Hydropower has been used for millennia in most countries of the world. Its longest application has been for use in mechanical tasks, such as grinding grain. With such simple mechanical devices as a "noria", it has also long been used to lift water. Within the last 100 years, hydropower was applied to the conversion of its kinetic energy to electrical energy. Today, hydropower produces 24 percent of the world's electricity and supplies more than 1 billion people with power.

The obvious advantage of generating electricity in this manner is the very high (around 90%) conversion efficiency (compared to a typical conversion efficiency for a fossil fuel power plant of about 35%.) Additionally, there are no emissions to the atmosphere associated with this generation. The most controversial drawback is that the flooding produced behind the dams. canyons.

Well-known examples of hydroelectric facilities in Arizona include Hoover Dam (on the border with Nevada) and Glen Canyon Dam (near the border with Utah). Together these dams can generate about 3,000 MW of electrical power. The reservoirs that each dam creates (Lake Mead and Lake Powell) are heavily used for recreation. Other hydroelectric dams include those on the Salt River and the Colorado River below Hoover Dam. Several sites have been suggested over the years for additional large projects. These have been successfully resisted in all cases because they would infringe on scenic areas, such as Grand Canyon.

At least 22 sites have been identified in Arizona for pumped storage facilities, that is, ones that use off-peak power to pump water back behind dams, making the water again available for the generation of electricity during periods of peak demand. At least 37,000 MW of potential installed capacity has been identified for the state. To date, only a few have been built, all of which are associated with existing dams.

For more information on hydropower, a technology analysis is available from the National Renewable Energy Lab (NREL) web site.

Other Renewable Energy Sources

 

External links:


Bioenergy

Bioenergy

Biomass is an organic renewable energy source that includes materials such as agriculture and forest residues, energy crops, and algae. Scientists and engineers at the Energy Department and National Laboratories are finding new, more efficient ways to convert biomass into biofuels that can take the place of conventional fuels like gasoline, diesel, and jet fuel.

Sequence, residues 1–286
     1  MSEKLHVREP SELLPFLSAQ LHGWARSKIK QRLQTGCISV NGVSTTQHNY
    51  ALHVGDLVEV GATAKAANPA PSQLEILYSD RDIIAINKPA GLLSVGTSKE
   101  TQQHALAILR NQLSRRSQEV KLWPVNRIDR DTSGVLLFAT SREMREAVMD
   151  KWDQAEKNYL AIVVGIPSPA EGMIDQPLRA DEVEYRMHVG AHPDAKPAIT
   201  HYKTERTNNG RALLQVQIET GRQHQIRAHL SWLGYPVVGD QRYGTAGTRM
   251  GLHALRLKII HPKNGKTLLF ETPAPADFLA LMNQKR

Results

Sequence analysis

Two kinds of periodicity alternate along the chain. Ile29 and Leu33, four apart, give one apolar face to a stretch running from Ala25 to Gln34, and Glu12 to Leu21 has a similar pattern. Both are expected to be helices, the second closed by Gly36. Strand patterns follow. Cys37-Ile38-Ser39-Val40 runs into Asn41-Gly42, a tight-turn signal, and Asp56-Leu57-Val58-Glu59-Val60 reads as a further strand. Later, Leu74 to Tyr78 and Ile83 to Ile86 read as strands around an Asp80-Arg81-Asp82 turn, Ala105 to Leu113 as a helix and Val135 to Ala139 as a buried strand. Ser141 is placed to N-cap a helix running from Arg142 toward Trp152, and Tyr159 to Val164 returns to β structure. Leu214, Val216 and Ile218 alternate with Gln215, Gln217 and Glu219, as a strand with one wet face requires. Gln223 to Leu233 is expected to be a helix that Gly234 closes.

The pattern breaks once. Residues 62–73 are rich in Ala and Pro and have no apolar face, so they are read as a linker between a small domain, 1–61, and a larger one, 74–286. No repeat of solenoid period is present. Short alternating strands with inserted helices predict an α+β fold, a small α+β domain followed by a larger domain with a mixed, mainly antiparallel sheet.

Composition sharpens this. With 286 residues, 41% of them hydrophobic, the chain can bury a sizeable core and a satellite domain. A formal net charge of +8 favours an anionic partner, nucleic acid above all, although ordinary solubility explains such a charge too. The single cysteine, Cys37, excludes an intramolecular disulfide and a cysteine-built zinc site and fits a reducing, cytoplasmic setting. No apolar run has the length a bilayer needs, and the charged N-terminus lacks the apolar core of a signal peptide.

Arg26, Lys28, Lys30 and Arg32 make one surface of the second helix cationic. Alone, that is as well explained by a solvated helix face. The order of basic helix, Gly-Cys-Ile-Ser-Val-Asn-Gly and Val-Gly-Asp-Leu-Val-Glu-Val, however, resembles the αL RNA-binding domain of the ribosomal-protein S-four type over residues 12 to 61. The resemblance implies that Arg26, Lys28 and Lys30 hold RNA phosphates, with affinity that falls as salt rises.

In the interim, visit this site for information: Biomass Technology Basics


Hydrogen

Hydrogen

Hydrogen is a clean fuel that, when consumed in a fuel cell, produces only water. Hydrogen can be produced from a variety of domestic resources, such as natural gas, nuclear power, biomass, and renewable power like solar and wind. These qualities make it an attractive fuel option for transportation and electricity generation applications. It can be used in cars, in houses, for portable power, and in many more applications.

In the interim, visit this site for information: Hydrogen Fuel Basics

 

 

Renewable Energy: An Overview - Solar

Updated December 11, 2013

Arizona is the sunniest state in the nation. It receives more than 4,000 hours of sunshine each year. This makes Arizona an ideal state for making solar energy work.

The modern solar industry, founded in 1974 following the Arab oil embargo of the previous year, experienced tremendous growth from the end of the 1970s through the late 1980s. The mainstay of the solar industry during that timeframe was solar water heating. It is estimated that more than 100,000 solar water heaters were installed in Arizona during the 1970s and 80s.

Today, Arizona ranks second only to California in market share for the burgeoning rooftop solar photovoltaic industry. Although solar electricity is only about one percent of the energy mix in Arizona, analysts predict phenomenal growth for solar power over the next two decades.  Traditional market drivers like favorable public policy (rebates and net metering) and tax credits, are getting a boost from falling prices and growing acceptance of alternative financing mechanisms that allow commercial and residential end-users to lease rooftop solar electric systems. 

And as the solar industry grows, so does its beneficial effect on society, such as greater energy independence, improved environmental enhancements, and positive economic impact on jobs. In 2012, the Solar Energy Industries Association estimated that 9,800 people were employed in the solar energy industry in Arizona and approximately 120,000 full-time, permanent jobs nationwide.

The US Energy Information Administration (EIA) predicts that nationally the photovoltaic (solar electricity) industry will grow by 11.6 percent a year through 2040 and that the solar thermal industry will grow at 3.6 percent annually. 

But, solar energy is more than just equipment.  

Passive solar homes (homes that are designed for natural heating and cooling) are popular in both mountain and desert areas of the state. Some of these homes have adobe, rammed earth, or straw bale as a building material. Others solar homes feature strategies and techniques such as solar porches, greenhouses, solar clearstory windows, trombe walls and solar air heaters.

Whether in rural areas or urban settings, Arizonans throughout the state are proving that solar energy can be used by anybody. Solar energy is not a vision of the future; it is an opportunity for today.

About

  • Welcome to the Arizona Solar Center

     This is your source for solar and renewable energy information in Arizona. Explore various technologies, including photovoltaics, solar water heating, solar architecture, solar cooking and wind power. Keep up to date on the latest industry news. Follow relevant lectures, expositions and tours. Whether you are a homeowner looking to become more energy efficient, a student learning the science behind the technologies or an industry professional, you will find valuable information here.
  • About The Arizona Solar Center

    Arizona Solar Center Mission- The mission of the Arizona Solar Center is to enhance the utilization of renewable energy, educate Arizona's residents on solar technology developments, support commerce and industry in the development of solar and other sustainable technologies and coordinate these efforts throughout the state of Arizona. About the Arizona Solar Center- The Arizona Solar Center (AzSC) provides a broad-based understanding of solar energy, especially as it pertains to Arizona. Registered Read More